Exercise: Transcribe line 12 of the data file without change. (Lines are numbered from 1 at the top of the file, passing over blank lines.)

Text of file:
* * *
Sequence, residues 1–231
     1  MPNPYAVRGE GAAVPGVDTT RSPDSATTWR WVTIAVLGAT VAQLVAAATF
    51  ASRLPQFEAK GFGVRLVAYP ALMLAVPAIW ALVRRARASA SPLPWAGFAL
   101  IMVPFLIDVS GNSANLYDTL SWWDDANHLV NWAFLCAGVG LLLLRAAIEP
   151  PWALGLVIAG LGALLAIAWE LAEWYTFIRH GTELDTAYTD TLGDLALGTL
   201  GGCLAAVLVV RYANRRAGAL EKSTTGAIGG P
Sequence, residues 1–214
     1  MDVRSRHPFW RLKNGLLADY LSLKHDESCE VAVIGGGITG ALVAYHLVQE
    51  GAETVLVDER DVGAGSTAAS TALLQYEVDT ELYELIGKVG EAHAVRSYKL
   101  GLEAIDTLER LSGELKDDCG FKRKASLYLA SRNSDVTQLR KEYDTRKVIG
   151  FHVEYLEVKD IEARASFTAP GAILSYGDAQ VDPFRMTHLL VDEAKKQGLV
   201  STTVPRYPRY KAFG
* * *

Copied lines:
   201  STTVPRYPRY KAFG